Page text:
In this presentation, the relevant activities above will be introduced. With that, the presenter would like to provide an opportunity for discussions on the coordination of the standardization activities.
Managing interoperability to deliver the required customer service for cooperative Intelligent Transport Systems (ITS)
Nigel Wall
(Shadow Creek Solutions)

Scene setting

Cooperative ITS, where vehicles share information with each other and with infrastructure based systems is expected to deliver major improvements to road safety, efficiency, comfort and the impact of transport on the environment. Cooperative ITS includes the automatic generation of normal status and hazard warnings in order to derive various forms of driver assistance. E.g. a vehicle that detects a low-friction surface will warn other vehicles in the area. Vehicles that receive the warning will respond appropriately, possibly by reducing speed, or limiting the torque through the driving wheels as well as advising the driver. Vehicles approaching junctions will be warned of any other vehicle that appears to be ignoring a stop signal, to prevent an accident.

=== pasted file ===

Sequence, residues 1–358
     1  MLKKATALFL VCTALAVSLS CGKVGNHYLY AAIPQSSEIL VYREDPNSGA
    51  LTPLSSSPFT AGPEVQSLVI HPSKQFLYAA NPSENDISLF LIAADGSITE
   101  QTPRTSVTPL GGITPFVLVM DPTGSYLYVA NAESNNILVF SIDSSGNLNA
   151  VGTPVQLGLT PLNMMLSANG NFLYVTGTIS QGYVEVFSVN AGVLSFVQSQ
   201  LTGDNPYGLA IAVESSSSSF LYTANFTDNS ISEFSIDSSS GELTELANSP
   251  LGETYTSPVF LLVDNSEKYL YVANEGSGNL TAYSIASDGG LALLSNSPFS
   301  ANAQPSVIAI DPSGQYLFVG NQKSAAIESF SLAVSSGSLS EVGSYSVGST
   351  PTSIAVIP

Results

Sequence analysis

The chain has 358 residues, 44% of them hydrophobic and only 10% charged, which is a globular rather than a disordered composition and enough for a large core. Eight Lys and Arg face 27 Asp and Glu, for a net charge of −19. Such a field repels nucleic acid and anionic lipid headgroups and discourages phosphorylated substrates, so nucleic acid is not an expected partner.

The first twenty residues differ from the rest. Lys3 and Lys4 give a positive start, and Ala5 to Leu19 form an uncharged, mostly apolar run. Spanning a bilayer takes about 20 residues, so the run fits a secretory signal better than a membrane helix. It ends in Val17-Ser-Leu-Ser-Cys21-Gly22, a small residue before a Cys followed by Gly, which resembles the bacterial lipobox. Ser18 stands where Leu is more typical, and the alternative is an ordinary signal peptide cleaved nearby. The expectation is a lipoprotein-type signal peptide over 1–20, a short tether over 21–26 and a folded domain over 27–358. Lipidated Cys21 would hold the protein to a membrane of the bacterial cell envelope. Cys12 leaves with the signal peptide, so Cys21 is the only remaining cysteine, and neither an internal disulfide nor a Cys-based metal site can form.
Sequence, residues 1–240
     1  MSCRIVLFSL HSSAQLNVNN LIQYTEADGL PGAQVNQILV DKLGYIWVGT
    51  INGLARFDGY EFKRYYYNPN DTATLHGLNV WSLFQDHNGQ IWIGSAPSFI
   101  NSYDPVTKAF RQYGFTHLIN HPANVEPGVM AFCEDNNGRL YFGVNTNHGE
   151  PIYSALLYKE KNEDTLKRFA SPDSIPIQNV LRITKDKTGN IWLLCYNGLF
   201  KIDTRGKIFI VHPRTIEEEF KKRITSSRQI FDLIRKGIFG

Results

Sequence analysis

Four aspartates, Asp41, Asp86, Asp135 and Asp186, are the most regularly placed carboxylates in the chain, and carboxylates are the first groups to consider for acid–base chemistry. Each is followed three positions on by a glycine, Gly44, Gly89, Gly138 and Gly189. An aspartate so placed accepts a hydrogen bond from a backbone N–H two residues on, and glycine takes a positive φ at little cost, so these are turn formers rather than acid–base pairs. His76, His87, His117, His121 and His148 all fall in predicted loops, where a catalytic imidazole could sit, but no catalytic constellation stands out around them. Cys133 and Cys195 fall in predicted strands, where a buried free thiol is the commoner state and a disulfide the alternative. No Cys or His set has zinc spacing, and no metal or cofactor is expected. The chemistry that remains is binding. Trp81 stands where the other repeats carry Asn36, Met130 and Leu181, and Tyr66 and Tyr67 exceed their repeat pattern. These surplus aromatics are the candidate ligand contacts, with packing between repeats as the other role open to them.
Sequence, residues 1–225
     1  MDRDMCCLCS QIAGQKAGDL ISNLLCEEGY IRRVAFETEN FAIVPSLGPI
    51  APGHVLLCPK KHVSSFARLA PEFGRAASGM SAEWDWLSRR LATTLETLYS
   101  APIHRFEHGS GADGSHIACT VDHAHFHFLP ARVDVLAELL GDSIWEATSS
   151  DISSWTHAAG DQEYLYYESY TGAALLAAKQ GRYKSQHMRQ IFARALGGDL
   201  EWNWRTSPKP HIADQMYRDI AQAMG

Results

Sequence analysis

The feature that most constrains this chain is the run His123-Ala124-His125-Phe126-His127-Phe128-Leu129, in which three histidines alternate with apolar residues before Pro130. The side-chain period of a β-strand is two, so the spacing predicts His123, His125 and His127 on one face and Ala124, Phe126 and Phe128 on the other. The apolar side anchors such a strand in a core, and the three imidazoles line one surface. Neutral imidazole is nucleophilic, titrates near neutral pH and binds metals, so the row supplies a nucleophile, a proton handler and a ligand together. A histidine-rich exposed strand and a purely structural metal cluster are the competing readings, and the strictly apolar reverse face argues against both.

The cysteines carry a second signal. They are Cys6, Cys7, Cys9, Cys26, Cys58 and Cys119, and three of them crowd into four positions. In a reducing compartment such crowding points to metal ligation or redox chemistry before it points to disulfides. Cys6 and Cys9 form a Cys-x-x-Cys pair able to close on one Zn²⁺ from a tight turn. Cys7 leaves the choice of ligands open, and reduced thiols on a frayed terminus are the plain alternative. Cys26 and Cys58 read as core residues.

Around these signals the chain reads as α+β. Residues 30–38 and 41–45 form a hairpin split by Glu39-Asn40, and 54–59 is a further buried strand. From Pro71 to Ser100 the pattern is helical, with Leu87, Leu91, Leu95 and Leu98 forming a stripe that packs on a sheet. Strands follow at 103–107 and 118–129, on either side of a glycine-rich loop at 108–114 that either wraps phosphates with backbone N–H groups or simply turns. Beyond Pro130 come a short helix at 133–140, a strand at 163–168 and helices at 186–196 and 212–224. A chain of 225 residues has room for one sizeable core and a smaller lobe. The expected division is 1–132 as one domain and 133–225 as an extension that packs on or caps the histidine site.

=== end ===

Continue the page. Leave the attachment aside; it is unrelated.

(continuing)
We have seen major investment in proof of concept demonstrators in Europe, America, Japan and Korea. Standards are being developed in ISO, ETSI, CEN, IEEE, IETF, etc. These standards are intended to allow interoperability, yet to allow individual manufacturers to include product differentiation.

How should interoperability be assured?

• By conformance testing to ensure that all the standards are met
• Interoperability testing will be needed for a representative set of operations. Ideally each vehicle would be tested against every other vehicle. If this is not done then there remains a risk that there may be an incompatibility. In practice it is not possible to test every permutation, so a small risk remains.